Learning From Your Enemies


I’m going to make a leap of faith and logic and assume you’re politically left of center.

That’s the audience these sorts of articles point towards, and the political demographics of age and internet access often align like that. Me too! I mean, everyone is.


Everyone in my circle believes similar things. I prune my media to reflect that, after all. Why would I want to debate with idiots, violent fools entrenched in backwards muck and lies?

And then everyone thinks that. And everyone calcifies in their opinions. They learn to fight themselves and each other for the distinctions of being the most ideologically pure. Extremes run rampant as a way to earn distinguishing. I don’t want to draw a false equivalency, so I’ll say this seems most politically relevant on the right with increasingly fiery rhetoric that seems far further than anything Reagan would’ve said without blushing, but the social nitpicking on the left seems more concerned with status and cultivating perfect theories that completely ignore physical realities outside of their narcissistic internet bubbles.

Had to get that off.

I think that separation is the root of some of these problems. People let their dreams and thoughts drift, and, with the internet, compromise isn’t needed. It’s much easier to go further and explore your political beliefs. That’s good! Compromise can be a form of watered-down weakness. You shouldn’t let your thoughts be bogged down by making sure it fits the world. But being unattached from your enemies breeds its own problems.

First and foremost, it lets you see the other as an enemy.


There are some serious leaks in what I’m saying above.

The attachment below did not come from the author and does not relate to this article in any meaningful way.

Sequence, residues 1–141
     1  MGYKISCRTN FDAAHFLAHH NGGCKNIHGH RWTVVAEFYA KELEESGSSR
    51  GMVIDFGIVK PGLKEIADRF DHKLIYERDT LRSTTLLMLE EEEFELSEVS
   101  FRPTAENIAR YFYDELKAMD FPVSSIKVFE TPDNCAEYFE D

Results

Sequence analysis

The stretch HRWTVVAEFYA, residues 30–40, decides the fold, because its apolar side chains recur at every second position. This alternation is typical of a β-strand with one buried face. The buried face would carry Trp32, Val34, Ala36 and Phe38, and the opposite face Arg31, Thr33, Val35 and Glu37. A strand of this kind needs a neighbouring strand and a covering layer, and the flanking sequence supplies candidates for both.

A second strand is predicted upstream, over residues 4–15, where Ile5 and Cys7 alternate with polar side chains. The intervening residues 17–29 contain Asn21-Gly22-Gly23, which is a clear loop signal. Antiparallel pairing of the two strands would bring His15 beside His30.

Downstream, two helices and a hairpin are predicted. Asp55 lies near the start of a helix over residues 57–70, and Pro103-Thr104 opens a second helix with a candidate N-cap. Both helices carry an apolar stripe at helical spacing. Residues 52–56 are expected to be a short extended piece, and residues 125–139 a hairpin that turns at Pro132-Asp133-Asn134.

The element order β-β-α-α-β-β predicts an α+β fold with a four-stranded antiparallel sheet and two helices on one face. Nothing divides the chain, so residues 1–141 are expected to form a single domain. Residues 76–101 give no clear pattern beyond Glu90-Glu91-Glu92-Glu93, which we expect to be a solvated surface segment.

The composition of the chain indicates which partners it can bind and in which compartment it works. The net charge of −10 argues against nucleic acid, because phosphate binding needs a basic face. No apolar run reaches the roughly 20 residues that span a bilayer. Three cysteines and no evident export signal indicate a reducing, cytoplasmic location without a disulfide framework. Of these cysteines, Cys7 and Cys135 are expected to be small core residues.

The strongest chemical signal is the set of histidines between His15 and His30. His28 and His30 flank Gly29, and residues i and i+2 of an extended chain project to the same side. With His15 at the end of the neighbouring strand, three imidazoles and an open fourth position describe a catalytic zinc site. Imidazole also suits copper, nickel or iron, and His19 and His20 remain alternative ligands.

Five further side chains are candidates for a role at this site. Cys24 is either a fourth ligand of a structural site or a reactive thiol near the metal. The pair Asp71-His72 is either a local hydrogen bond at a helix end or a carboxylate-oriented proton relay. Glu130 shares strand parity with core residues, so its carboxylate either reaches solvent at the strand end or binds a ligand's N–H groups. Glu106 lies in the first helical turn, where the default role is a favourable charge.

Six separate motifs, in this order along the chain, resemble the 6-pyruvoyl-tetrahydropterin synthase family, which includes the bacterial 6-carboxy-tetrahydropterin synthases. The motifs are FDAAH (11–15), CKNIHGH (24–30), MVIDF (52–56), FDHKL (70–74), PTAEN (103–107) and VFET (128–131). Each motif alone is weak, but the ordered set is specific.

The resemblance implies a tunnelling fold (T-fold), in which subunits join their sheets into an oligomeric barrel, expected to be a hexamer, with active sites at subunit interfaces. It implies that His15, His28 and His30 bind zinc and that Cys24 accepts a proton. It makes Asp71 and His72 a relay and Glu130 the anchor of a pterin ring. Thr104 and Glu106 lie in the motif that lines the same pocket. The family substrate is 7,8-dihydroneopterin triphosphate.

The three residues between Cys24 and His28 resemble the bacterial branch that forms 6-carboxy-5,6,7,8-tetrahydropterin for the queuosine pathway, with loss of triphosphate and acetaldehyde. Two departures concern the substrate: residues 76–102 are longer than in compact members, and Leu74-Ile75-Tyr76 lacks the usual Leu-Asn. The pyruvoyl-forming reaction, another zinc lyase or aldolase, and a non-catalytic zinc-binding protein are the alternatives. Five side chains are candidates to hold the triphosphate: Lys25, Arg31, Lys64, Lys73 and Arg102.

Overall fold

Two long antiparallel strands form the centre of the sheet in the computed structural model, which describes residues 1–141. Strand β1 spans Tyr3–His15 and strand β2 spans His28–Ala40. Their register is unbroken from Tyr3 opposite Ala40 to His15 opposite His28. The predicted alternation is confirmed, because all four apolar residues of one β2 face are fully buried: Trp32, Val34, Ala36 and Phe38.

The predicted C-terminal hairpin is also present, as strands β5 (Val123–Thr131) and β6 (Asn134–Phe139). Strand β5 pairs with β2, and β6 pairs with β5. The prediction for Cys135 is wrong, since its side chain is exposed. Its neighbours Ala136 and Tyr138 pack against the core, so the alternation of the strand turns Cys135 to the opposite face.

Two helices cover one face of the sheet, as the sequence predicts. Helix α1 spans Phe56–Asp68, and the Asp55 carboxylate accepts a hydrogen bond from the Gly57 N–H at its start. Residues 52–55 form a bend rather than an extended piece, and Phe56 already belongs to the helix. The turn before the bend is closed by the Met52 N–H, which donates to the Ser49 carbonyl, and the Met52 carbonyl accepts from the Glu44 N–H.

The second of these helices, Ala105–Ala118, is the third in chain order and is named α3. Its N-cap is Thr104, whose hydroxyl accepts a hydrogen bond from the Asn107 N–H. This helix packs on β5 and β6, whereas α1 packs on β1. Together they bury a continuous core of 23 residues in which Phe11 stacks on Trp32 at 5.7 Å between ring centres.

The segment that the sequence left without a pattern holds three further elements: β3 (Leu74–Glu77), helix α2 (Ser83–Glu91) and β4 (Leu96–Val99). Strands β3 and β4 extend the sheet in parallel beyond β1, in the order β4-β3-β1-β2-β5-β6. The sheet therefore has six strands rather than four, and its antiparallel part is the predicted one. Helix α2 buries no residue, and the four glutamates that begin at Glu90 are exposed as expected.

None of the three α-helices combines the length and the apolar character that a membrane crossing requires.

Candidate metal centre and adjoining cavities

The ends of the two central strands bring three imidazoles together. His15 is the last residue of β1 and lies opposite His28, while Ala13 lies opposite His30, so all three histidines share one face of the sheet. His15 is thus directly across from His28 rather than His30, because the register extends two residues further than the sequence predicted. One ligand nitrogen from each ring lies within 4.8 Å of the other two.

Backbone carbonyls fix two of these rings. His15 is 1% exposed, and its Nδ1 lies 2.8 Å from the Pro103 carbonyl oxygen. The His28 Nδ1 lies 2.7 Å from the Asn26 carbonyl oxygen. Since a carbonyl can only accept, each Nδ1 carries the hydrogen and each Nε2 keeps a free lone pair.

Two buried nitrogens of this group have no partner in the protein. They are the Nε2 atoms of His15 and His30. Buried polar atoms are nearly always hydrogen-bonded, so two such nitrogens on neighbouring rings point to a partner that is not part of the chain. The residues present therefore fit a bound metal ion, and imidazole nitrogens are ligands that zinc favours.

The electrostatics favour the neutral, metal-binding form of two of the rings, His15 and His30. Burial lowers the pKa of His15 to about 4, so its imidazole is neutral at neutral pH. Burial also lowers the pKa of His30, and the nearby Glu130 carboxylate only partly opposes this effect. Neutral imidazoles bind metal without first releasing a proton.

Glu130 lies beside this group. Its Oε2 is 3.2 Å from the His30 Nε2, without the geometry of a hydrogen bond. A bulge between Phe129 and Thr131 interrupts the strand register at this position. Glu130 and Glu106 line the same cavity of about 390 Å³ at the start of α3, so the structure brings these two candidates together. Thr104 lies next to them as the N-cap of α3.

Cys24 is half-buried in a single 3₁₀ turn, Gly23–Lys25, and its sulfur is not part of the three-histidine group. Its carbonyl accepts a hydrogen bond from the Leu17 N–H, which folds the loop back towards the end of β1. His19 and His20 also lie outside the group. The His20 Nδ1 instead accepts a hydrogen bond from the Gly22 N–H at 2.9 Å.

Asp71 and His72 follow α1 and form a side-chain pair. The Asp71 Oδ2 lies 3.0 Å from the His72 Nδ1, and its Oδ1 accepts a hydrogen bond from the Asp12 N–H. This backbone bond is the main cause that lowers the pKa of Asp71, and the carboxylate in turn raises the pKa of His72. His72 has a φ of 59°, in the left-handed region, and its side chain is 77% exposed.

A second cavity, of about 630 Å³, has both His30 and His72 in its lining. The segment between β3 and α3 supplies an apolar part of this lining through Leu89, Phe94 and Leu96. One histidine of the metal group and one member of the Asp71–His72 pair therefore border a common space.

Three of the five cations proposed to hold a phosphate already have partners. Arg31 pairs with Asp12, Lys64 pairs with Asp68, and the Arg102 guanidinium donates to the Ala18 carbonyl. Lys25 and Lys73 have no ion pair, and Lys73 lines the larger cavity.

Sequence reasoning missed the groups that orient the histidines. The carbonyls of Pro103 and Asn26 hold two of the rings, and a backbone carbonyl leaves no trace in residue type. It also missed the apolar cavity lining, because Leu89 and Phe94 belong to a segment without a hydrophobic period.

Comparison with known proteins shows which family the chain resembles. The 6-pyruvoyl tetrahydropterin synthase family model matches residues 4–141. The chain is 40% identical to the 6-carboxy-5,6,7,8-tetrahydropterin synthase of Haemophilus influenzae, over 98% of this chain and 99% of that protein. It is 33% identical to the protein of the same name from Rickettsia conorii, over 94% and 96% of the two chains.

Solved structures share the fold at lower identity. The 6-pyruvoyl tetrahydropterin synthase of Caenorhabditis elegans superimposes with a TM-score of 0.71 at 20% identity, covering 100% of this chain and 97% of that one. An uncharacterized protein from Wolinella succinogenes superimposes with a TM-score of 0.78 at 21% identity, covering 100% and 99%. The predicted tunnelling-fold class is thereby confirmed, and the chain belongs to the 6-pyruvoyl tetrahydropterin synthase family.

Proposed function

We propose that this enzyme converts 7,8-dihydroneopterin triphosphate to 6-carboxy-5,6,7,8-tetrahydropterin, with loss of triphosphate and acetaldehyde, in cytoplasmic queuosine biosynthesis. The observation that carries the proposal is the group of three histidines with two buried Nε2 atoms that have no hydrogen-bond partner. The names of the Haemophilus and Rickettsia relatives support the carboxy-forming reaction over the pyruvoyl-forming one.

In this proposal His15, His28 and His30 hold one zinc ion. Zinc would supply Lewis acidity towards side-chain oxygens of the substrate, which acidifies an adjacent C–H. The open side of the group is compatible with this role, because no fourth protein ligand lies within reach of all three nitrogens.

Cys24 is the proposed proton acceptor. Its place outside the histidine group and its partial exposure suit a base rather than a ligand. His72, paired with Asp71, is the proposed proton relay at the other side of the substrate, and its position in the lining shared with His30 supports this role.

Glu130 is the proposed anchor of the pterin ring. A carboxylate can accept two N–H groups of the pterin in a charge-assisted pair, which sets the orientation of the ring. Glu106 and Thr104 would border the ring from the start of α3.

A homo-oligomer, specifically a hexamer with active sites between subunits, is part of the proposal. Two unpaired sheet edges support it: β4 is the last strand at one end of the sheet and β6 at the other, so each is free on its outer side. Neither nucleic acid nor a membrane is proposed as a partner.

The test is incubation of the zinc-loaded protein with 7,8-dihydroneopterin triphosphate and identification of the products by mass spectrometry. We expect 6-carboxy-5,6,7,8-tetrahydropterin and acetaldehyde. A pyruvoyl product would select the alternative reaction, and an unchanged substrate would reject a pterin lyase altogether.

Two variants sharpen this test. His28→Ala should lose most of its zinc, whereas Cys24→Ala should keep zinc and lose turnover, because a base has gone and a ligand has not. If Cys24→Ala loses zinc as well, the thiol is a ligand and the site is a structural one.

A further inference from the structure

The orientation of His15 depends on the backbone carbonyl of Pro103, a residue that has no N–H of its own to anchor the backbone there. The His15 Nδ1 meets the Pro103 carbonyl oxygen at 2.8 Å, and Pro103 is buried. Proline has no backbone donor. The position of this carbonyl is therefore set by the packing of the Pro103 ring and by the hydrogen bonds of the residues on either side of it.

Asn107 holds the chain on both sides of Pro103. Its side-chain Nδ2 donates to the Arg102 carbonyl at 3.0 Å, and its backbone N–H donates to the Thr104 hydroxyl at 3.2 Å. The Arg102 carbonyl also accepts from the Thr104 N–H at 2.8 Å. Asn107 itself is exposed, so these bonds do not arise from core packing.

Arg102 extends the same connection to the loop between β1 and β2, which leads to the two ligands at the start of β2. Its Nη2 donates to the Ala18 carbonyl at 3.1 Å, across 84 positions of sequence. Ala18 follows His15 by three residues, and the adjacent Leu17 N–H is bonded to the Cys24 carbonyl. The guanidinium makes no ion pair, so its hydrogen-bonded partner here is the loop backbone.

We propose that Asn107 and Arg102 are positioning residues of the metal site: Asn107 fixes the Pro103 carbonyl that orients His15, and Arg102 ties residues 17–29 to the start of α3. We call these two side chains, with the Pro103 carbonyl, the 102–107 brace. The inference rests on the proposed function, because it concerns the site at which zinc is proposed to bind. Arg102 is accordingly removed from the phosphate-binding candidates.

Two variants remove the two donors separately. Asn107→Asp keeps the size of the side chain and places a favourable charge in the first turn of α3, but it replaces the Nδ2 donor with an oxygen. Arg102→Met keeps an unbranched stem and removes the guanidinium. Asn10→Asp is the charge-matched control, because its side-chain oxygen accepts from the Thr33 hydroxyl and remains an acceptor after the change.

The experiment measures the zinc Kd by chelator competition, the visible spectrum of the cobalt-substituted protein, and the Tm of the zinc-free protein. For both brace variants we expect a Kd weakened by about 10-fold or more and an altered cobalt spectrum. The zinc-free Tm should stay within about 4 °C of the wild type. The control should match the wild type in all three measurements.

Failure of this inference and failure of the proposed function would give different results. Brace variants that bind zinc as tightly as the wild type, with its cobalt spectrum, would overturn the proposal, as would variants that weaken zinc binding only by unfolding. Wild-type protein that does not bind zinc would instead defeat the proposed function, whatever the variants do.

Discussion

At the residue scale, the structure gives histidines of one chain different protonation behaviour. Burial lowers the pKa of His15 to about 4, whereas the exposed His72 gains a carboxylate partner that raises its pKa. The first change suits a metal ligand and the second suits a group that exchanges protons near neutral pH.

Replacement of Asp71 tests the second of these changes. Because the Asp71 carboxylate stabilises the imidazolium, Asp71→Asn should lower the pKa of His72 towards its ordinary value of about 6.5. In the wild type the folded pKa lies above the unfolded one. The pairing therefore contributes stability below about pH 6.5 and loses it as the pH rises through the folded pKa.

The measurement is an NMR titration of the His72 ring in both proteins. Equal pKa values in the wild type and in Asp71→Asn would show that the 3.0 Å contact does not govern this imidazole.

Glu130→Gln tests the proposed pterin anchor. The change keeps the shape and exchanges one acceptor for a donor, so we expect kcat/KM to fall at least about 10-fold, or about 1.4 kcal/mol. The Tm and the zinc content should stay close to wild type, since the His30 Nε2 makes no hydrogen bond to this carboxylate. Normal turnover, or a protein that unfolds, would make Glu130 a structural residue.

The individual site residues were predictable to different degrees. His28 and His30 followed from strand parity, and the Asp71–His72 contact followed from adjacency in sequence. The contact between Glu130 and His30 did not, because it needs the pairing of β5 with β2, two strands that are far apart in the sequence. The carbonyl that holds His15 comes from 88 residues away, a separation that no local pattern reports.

The first and most serious problem is that I’m hypothesizing above a sort of false equivalency that prizes friendliness over truth or action. That’s a fair critique, and an important one to keep sight of. But there’s also a value in considering the other as human. The first is for the deeply cynical reason that it will help you defeat them; the arbitrary caricaturing of your political opponent as cartoonish means you talk past them, not at them. It galvanizes the base, but doesn’t win converts the a nuanced, kinder approach to analyze the other would.

The second is it corrupts you.

Corruption of soul is an important thing. If you truly believe in the right or the kind, there’s a double-bind. Obviously you believe what you believe, and that implies you firmly and truly think of it as the path to a moral good. So what, then, do you owe the opponents of that good? Zealotry logically follows belief, and nuanced kindness and analysis are difficult, unpopular concepts to sell– that’s also why why they’re worth holding on to. Not always. You don’t have to hear both sides of nonsense, or pretend to weigh something utterly horrible or offensive for some lukewarm idea of fairness. But there are times where it’s worth it to view, with respect and curiosity, the thoughts of others not as blasphemy, but as alternative philosophies worth picking through.

You might learn something from them. You might not, but I doubt it. And, if you can’t humanize the other enough to learn from some part from some people, is that really something you want to brag about.

To expose yourself to other ideas is a drag. It’s difficult, awkward, and feels off. It’s not as fun as whittling your ideas and philosophies, either. But it’s important. And if you don’t want to, you should at least consider why, exactly, that is.